Jump to: Definition of Technological Discontinuity | Motivations for Corporate Alliance | Lifecycle and Alliance Motivations | Discussion | Conclusion
When a major shift in technology occurs, it poses a significant challenge for the companies operating in the affected industry. The technology which forms the foundation of their products and markets may have been affected and the race begins to find a way to adapt to the new technology. In other to maintain competitive standing, the firm must find a way to exploit the new technology’s competencies (Christensen, Suarez, & Utterback, 1998; Tushman & Anderson 1986; Henderson & Clark, 1990). Because of technological discontinuity, matured organizations have three options to explore in order to acquire the new technology: merger or acquisition, develop the technology or an alliance. Utterback (1975) in his technology life cycle model said that there are three phases in technology life cycle and that for each phase there is an appropriate way of aligning with a partner. (He later added a fourth phase). However because of time and market pressures as well as Moore’s law on technology changing every 18 months, alliances seems to be the more attractive option. Rothaermel (2002) contends that alliances between mature firms and new entrants have been suggested as ways that mature firms can use to adapt to radical technological change. In particular, the paper is interested in seeking to explore why technological discontinuity motivates firms to enter into alliance.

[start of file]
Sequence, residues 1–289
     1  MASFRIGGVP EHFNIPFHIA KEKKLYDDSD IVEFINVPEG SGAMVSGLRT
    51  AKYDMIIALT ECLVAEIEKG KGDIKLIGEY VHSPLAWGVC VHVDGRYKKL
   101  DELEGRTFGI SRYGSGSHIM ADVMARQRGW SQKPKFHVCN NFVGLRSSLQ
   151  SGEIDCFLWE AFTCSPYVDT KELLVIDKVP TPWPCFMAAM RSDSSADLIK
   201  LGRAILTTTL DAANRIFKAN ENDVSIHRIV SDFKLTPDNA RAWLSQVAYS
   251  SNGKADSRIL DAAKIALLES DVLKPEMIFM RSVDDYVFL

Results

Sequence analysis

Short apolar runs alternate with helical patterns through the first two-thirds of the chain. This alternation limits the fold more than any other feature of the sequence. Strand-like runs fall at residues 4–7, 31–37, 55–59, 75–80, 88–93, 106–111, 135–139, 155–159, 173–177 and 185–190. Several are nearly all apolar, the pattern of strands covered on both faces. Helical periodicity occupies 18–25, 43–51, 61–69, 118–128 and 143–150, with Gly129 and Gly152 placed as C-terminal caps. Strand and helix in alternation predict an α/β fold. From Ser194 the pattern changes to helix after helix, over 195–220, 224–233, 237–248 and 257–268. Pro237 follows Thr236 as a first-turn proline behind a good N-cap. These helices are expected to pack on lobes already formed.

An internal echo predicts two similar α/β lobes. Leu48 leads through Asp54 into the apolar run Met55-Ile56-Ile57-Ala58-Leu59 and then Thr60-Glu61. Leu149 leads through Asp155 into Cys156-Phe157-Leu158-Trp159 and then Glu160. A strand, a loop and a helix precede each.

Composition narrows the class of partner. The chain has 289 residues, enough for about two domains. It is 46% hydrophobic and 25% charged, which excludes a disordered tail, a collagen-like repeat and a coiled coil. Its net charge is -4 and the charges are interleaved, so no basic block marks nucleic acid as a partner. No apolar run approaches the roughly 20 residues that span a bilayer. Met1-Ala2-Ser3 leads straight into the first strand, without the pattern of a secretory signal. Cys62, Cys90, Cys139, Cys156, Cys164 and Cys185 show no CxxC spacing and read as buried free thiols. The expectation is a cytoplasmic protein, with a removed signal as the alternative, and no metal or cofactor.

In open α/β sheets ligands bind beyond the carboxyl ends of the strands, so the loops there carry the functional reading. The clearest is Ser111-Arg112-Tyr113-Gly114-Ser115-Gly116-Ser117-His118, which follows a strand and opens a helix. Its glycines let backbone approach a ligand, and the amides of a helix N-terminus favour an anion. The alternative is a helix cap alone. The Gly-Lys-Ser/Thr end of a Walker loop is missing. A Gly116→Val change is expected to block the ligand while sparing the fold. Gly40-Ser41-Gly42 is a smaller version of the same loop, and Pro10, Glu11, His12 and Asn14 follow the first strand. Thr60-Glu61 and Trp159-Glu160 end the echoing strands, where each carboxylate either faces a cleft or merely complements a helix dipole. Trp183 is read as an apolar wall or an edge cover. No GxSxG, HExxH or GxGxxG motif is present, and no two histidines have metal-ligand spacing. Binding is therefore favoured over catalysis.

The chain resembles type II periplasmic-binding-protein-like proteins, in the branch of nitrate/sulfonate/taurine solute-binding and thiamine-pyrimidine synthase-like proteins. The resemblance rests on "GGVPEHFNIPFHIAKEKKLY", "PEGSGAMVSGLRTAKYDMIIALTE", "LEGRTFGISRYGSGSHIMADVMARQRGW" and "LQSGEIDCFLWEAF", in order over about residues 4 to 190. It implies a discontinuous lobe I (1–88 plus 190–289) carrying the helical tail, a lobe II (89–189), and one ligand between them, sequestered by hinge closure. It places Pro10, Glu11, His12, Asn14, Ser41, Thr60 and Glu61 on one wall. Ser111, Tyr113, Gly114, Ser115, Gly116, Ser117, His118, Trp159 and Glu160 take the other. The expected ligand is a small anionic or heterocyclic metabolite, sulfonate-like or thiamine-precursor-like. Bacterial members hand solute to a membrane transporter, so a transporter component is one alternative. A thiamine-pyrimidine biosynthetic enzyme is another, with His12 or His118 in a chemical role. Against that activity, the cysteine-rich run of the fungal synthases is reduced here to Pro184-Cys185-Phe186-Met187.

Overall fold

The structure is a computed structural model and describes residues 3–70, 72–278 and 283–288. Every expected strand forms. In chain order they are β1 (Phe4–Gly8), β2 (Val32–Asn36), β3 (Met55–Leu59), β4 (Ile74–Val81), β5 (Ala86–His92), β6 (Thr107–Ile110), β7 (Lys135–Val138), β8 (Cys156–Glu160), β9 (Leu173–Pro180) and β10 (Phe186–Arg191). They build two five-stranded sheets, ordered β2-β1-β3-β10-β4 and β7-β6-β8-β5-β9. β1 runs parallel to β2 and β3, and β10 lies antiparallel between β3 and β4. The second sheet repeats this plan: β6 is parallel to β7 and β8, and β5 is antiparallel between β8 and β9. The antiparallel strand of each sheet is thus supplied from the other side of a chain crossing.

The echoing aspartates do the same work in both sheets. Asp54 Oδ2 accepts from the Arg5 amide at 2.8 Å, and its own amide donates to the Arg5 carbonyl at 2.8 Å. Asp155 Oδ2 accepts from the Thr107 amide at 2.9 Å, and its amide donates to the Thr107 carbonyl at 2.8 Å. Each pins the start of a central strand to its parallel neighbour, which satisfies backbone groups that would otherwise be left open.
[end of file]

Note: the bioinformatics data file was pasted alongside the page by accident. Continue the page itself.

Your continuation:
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Technological discontinuities often create tremendous difficulties for incumbent firms. The most recent example of a technological discontinuity can be seen in the video rental industry, the change in content delivery methods has led to the bankruptcy of Blockbuster and ascendancy of companies like Netflix. There are many other examples of such discontinuities: The use of the internet in book retailing is leading to Amazon eclipsing the likes of Barnes and Nobles and Borders, the music industry is also trying to find a way to benefit from new technologies which are obsoleting its older business models. The fact is that discontinuous innovations often initiate a process of creative destruction that frequently leads to the replacement of the technologies of mature firms and sometimes lead to the new entrants’ ascendancy. Nonetheless, some empirical evidence suggests that mature firms may be able to successfully commercialize a discontinuous innovation if such firms have the necessary financial and managerial resources and capabilities to master such an adaptation. Abernathy & Clark (1985) in their study of U.S. auto industry showed that mature firms are able to benefit even from radical technological change that disrupts the firms existing technological competence, provided that the technological change simultaneously entrenches the incumbent’s existing market customer linkages.
Christensen (1997) also found empirical evidence for his claim that organizations will generally succeed in adapting even to discontinuous technological change as long as the new technology is critical to the their existing value network. Further, Rothaermel (2002) went further by saying that organizations that possess complementary assets necessary to benefit from a new technology may be able to leverage their complementary assets via alliances and cooperation with new entrants and accomplish a successful transition to the new technology. Organizational alliances have been suggested as one way for mature organizations to adapt to radical technological change (Rothaermel 2002). In this paper, the question then is: What is the motivation behind the alliance?